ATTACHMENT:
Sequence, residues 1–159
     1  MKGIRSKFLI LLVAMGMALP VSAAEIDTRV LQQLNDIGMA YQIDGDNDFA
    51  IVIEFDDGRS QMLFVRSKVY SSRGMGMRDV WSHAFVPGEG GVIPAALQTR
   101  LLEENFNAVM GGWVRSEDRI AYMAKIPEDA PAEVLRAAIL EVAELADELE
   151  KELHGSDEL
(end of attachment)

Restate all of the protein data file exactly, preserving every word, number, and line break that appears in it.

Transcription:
Sequence, residues 1–159
     1  MKGIRSKFLI LLVAMGMALP VSAAEIDTRV LQQLNDIGMA YQIDGDNDFA
    51  IVIEFDDGRS QMLFVRSKVY SSRGMGMRDV WSHAFVPGEG GVIPAALQTR
   101  LLEENFNAVM GGWVRSEDRI AYMAKIPEDA PAEVLRAAIL EVAELADELE
   151  KELHGSDEL